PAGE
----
Calgary Police encourage citizens to protect their identity during Fraud Prevention Month
With identity theft and identity fraud accounting for approximately 10 per cent of fraud-related occurrences reported to police last year, the Calgary Police Service is reminding citizens to protect their personal information and monitor financial records.
This week focuses on identity theft for Fraud Prevention Month. Last year, police received approximately 3,500 reports of fraud with nearly 370 of those being identity theft or identity fraud. In most cases, the reported incidents involved compromised debit and credit cards.
“It’s not always obvious if you are a victim of identity theft,” says Const. Jon Pye with the Calgary Police Service Fraud Team. “Often people don’t find out that their personal or financial information has been compromised until they are notified by their financial institutions, credit monitoring sites or creditors. That’s why it’s crucial to regularly check bank statements and credit reports. If you notice something suspicious, alert your financial institution immediately and report it to police."
Identity theft occurs mostly online, but it can occur in person too. Fraudsters can use someone else’s personal information to open a new bank account, take out a loan or even purchase property in your name without you immediately knowing.
Online identity theft usually happens when using public Wi-Fi networks, unsecure websites or having a credit or debit card skimmed. Sometimes fraudsters will sift through discarded bank statements or other documents, or steal mail to obtain personal information.
The Calgary Police Service is reminding citizens that if they believe their identity has been stolen, they can make an inquiry through a credit reporting agency such as Equifax or TransUnion. This will indicate if there is any fraudulent activity connected to their name.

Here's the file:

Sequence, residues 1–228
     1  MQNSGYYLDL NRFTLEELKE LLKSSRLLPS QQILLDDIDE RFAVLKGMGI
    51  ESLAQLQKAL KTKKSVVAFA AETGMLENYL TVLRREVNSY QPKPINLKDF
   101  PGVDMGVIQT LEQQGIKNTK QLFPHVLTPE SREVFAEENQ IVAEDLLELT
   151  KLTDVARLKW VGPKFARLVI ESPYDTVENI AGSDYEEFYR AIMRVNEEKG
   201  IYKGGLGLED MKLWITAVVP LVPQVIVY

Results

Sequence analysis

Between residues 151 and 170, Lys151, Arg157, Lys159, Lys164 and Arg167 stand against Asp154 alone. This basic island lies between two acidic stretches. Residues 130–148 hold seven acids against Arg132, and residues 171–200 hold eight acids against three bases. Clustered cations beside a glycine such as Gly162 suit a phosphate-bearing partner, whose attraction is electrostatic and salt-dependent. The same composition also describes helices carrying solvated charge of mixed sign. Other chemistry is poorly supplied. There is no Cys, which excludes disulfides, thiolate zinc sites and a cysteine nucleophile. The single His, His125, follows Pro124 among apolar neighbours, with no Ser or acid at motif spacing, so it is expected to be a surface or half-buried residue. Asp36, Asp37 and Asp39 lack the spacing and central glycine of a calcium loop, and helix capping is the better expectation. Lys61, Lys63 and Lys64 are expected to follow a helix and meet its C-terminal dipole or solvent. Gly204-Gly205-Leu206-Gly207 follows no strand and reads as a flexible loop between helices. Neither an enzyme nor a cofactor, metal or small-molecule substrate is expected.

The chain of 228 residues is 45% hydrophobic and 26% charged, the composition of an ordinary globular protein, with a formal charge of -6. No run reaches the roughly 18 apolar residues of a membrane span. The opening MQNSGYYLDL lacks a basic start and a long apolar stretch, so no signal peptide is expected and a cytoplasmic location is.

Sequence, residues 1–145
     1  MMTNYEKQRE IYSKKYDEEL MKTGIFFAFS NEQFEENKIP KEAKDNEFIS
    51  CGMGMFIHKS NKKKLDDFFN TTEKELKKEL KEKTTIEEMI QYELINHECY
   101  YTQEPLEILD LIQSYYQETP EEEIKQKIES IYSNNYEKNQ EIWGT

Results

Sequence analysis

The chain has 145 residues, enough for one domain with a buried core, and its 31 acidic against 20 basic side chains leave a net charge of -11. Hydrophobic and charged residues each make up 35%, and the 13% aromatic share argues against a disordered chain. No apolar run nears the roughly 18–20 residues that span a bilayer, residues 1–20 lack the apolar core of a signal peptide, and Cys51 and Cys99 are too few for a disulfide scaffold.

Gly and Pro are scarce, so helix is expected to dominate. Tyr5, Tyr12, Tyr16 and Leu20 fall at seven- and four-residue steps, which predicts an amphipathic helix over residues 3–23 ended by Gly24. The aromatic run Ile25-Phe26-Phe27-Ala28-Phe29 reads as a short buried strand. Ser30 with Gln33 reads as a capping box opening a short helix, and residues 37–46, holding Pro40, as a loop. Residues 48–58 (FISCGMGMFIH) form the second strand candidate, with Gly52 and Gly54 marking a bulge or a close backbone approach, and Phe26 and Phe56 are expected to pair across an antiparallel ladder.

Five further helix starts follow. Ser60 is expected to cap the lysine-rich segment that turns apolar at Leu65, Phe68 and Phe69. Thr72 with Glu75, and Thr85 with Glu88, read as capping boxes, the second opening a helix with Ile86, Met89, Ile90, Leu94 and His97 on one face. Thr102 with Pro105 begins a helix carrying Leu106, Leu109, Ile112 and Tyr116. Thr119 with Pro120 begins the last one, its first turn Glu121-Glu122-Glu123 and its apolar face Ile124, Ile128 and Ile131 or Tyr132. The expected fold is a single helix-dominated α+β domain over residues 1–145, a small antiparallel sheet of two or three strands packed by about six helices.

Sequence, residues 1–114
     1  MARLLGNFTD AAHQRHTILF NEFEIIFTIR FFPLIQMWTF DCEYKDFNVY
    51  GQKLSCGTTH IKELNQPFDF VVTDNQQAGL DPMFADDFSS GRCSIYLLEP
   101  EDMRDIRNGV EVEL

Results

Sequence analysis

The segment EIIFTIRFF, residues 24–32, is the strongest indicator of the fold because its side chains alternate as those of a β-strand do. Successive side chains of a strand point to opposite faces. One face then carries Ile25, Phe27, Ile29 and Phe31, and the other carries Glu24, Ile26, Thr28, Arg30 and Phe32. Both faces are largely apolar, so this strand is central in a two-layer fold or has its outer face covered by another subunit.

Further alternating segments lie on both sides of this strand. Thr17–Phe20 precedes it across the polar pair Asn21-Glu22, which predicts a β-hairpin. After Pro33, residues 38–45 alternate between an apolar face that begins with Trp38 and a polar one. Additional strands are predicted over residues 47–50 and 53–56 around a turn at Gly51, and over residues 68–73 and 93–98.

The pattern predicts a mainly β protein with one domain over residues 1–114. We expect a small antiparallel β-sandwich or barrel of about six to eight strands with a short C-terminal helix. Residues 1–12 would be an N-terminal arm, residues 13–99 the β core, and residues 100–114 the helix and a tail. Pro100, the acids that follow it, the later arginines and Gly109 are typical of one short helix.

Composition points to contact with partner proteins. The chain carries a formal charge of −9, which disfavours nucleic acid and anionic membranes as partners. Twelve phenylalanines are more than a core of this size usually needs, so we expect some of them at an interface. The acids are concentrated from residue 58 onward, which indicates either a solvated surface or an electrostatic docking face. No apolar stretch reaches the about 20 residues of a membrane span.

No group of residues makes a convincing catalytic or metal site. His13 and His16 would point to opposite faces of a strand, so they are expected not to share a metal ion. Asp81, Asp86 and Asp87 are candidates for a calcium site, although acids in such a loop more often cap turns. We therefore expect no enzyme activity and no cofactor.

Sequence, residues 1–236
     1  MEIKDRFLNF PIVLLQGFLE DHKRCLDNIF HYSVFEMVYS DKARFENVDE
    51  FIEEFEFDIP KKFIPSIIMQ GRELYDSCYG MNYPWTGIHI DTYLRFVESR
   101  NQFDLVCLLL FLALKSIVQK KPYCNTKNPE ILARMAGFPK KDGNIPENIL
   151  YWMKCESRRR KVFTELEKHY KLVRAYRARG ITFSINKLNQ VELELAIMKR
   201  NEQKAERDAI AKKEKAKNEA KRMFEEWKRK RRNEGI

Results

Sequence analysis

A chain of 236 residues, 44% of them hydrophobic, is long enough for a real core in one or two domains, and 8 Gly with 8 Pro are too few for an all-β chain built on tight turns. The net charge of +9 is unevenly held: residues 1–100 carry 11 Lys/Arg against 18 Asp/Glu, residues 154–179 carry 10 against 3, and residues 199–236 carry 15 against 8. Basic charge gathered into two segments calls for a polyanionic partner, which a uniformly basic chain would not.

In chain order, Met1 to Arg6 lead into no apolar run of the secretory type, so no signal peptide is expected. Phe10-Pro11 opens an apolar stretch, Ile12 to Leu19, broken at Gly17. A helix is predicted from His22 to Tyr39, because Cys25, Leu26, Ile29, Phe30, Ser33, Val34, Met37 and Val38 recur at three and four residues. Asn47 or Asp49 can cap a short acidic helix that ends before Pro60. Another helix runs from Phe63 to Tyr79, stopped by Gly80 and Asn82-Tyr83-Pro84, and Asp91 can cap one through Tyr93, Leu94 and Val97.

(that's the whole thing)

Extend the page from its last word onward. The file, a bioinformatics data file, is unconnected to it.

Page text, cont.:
While many citizens may experience scam phone calls, emails, texts or other forms of communication intended to phish for personal information, no criminal act has taken place unless personal information is given and used fraudulently, or a monetary loss occurs. Reports without indication of criminal activity can be made to the Canadian Anti-Fraud Centre.
Retrieving lost funds or repairing your identity can be a lengthy process, depending on the severity of the incident, which is why it’s crucial to spot and report any potential problems quickly.
Anyone who believes their personal identity to be compromised is asked to contact the police non-emergency line at 403-266-1234. Tips can also be left anonymously using Crime Stoppers through any of the following methods:
APP: "P3 Tips" app available through the Apple App or Google Play Store